Charli XCX: The pop futurist who broke every rule in music

As Charli XCX releases an album written and produced entirely in quarantine, Adam White explores how the British singer-songwriter defied the odds stacked against her and moulded pop in her image

Wednesday 13 May 2020 06:32
Radical pop creativity: Charli XCX in the artwork for her single ‘Claws’
Radical pop creativity: Charli XCX in the artwork for her single ‘Claws’

Charli XCX was not offended by the anal douche. For a few days last October, it was decided that the internet-friendly British pop star had been at best embarrassed, and at worst exploited, by her own fans. Her pre-concert meet-and-greets, in which her legion of queer supporters line up to deify and worship her, bore witness to a strange game of one-upmanship involving the weirdest items fans could get her to sign. There were poppers. The ashes of a poor boy’s dead mother. The douche. Columnists were outraged, a number of fans were embarrassed on her behalf. Then Charli herself released a statement denying that she was ever offended, while calling out those who had determined she was a “helpless damsel” at the mercy of inappropriate homosexuals. It was not the first time, nor the last, that we’d misunderstand Charlotte Aitchison.

Over the course of her decade in music, the 27-year-old Charli XCX has never not been a glorious enigma. A child of the Britney Spears era of pop, and raised within a bubble of DIY music production software like GarageBand, she exists both inside and out of the mainstream. She is a woman who can perform big, brash singles she publicly despises while opening for Taylor Swift, and then later that evening transform into a punk-rock raver dripping in sweat and performing produced-in-a-blender alt-pop. This isn’t inconsistency, though. It’s a reflection of a boundaryless climate of radical pop creativity.

This week, she releases the first pop album of the Covid-19 age. How I’m Feeling Now has been written and produced in her own home under quarantine, its progress documented on Instagram Live, its contents, artwork and production flourishes determined and occasionally crafted by fans. There’s a brilliant train-wreck quality to the tracks unveiled so far, all of which sport deliberately tinny vocals and an abundance of synthy clunks, bashes and bangs. Most importantly, it feels like her – gorgeous pop melodies buried under a cacophony of noise, and of a kind that could only have come about in the wake of being entirely alone with her thoughts for two months.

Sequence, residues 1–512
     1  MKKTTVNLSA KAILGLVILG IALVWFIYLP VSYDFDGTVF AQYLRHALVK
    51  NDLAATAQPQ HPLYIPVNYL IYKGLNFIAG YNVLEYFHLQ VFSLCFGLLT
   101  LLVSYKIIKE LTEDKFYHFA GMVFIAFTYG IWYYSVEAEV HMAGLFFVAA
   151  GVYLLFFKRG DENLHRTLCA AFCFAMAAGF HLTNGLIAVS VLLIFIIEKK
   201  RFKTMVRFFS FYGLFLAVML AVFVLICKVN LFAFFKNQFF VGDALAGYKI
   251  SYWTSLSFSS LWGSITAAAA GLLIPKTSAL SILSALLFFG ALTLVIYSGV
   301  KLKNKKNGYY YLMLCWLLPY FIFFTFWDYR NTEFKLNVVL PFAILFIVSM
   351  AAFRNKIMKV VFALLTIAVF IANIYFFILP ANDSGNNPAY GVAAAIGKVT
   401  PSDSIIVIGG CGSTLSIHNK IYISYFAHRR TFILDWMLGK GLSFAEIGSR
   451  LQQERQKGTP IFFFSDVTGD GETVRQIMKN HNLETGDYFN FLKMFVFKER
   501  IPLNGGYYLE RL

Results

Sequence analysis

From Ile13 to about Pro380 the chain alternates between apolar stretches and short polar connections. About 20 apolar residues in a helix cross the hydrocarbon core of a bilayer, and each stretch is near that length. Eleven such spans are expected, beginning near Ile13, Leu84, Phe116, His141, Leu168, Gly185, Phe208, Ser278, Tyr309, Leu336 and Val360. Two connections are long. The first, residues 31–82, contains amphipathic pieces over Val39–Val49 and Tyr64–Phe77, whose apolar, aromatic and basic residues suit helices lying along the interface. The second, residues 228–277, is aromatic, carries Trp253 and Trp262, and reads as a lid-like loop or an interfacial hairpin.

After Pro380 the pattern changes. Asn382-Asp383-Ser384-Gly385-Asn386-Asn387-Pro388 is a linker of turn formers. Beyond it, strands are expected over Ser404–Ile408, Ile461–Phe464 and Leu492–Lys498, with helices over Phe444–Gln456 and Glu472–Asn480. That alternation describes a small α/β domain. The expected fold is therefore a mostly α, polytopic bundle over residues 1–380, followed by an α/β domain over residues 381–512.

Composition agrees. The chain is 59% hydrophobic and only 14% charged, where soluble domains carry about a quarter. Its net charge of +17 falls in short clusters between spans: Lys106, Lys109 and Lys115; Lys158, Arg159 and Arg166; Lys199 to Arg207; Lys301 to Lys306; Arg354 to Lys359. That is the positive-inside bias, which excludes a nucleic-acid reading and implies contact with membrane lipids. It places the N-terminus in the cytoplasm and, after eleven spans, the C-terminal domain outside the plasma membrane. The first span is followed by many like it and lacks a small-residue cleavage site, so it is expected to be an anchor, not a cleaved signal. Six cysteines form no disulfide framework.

Who Charli XCX “is” has always been at the heart of her ambiguity. At different points in her career, she has played in every possible field of pop. After getting her feet wet as a performer at underage all-night raves and recording a promising if unspectacular debut album, she broke out as a songwriter and guest vocalist. She was responsible for the cheeky chorus of Iggy Azalea’s “Fancy”, and memorably boasted of being a “Nineties bitch” on the 2013-in-microcosm smash “I Love It” by Icona Pop.

Her solo music, meanwhile, saw her transform into roles in which she never felt entirely comfortable. Sucker (2014), her second solo album, was designed to propel her into the pop big leagues, courtesy of a dreamy single titled “Boom Clap” that soundtracked the beautiful-and-dying teenager weepie The Fault in Our Stars. She would later remark that the album “felt fake”, carrying a glossy if middle-of-the-road sheen atypical to her artier, more queer-friendly pop that was already blowing up gay clubs, as well as the music she felt most inspired by.